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Informed by a social interactional framework of stress and parenting, the aim of this study was to examine the mediating effect of depression symptoms on the association between parents’ marital status (married and divorced parents) and child physical abuse potential, in a Portuguese community sample. It was hypothesized that the possible observed differences between divorced and married parents in the child physical abuse potential would be explained by their depression symptoms. Parents (N = 892) were assessed in their marital status, severity of depression symptoms and child physical abuse potential. Results showed that, when compared with married parents, divorced parents had higher child physical abuse potential. However, parents’ depression symptomatology was found as a mediator of the effect of marital status differences on child physical abuse potential. The influence of the status of divorced parents on the increase of child physical abuse potential was explained by the increase of the parents’ depression symptoms. This finding suggested that parents’ divorced status had no longer an effect on child physical abuse potential when parents’ depression symptomatology was tested as a mediator variable. The present mediation model explained 47 % of the variability in the child physical abuse potential score. Practical implications of these findings for prevention and psychological intervention are also discussed.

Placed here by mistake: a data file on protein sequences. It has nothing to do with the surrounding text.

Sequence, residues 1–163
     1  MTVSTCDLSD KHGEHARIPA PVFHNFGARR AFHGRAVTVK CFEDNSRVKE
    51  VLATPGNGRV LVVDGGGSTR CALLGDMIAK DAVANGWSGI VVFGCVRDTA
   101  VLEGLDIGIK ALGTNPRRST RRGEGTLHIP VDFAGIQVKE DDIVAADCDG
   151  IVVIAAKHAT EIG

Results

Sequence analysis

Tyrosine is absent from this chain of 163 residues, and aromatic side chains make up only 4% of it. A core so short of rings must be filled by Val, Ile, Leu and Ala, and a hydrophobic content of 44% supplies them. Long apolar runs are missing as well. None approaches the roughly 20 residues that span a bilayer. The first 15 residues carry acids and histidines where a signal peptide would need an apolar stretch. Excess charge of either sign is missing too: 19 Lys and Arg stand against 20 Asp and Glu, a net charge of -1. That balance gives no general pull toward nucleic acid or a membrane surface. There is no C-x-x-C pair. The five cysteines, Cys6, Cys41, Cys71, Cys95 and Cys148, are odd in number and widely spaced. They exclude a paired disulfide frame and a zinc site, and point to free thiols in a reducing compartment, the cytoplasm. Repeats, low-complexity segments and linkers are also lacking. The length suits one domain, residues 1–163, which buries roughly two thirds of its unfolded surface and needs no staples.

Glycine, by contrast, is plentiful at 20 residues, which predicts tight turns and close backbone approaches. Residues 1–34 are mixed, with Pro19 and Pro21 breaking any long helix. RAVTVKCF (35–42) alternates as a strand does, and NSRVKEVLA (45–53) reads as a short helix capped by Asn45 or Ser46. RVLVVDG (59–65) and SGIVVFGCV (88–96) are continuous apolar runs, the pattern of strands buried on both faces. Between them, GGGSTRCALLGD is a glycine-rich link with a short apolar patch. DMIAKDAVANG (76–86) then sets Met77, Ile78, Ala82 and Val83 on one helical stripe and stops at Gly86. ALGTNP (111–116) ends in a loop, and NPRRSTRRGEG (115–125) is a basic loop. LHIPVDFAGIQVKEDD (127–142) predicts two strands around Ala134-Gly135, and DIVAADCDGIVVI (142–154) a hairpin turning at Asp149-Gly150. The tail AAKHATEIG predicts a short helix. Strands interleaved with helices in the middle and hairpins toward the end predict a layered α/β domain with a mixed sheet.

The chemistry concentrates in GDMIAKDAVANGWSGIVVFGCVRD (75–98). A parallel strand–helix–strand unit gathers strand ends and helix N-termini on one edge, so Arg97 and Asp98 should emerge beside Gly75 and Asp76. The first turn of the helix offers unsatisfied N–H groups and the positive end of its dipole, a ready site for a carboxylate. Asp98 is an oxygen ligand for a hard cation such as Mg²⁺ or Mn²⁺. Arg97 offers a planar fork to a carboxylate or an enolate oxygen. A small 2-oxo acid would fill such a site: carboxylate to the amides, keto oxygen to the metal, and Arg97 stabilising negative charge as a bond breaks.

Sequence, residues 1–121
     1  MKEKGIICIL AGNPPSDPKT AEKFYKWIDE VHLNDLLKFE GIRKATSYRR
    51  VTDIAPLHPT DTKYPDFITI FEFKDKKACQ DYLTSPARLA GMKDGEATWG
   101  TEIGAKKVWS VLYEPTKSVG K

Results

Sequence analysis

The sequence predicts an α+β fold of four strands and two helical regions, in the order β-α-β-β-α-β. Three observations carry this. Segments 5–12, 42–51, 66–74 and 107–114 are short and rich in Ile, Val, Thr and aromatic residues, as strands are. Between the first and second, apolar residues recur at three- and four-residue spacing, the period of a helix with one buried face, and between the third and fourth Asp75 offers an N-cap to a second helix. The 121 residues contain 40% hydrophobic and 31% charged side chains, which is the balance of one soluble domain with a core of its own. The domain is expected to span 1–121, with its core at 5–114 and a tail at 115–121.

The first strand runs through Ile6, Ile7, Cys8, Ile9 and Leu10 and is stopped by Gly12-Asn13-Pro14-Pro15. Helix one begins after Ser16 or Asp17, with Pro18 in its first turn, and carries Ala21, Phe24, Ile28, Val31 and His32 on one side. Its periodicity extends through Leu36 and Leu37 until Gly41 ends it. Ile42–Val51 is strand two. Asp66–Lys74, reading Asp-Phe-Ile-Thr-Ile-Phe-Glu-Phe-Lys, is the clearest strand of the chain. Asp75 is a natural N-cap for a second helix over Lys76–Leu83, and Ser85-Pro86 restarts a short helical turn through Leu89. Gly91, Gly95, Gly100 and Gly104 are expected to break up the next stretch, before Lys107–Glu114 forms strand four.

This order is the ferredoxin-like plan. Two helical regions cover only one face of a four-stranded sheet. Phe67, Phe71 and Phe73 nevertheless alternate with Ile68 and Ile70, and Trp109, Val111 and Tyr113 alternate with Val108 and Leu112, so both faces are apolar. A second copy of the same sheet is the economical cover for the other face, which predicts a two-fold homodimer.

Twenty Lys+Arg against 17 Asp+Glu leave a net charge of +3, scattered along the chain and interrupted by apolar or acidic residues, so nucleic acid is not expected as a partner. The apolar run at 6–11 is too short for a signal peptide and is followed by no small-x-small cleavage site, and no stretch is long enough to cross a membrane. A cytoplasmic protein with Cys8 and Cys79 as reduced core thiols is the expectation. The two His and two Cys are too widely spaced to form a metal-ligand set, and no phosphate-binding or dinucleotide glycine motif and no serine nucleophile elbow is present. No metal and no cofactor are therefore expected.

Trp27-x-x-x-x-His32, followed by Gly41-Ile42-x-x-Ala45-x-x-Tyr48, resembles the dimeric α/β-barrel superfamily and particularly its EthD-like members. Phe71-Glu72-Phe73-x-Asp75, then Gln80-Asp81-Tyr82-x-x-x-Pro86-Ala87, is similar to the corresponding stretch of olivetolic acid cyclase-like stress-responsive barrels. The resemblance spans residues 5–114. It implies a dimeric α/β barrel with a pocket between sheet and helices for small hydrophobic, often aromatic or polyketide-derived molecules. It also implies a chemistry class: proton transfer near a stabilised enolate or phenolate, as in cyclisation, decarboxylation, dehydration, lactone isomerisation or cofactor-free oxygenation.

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- Parents’ Marital Status and Child Physical Abuse Potential: The Mediation of Depression Symptoms
- Springer US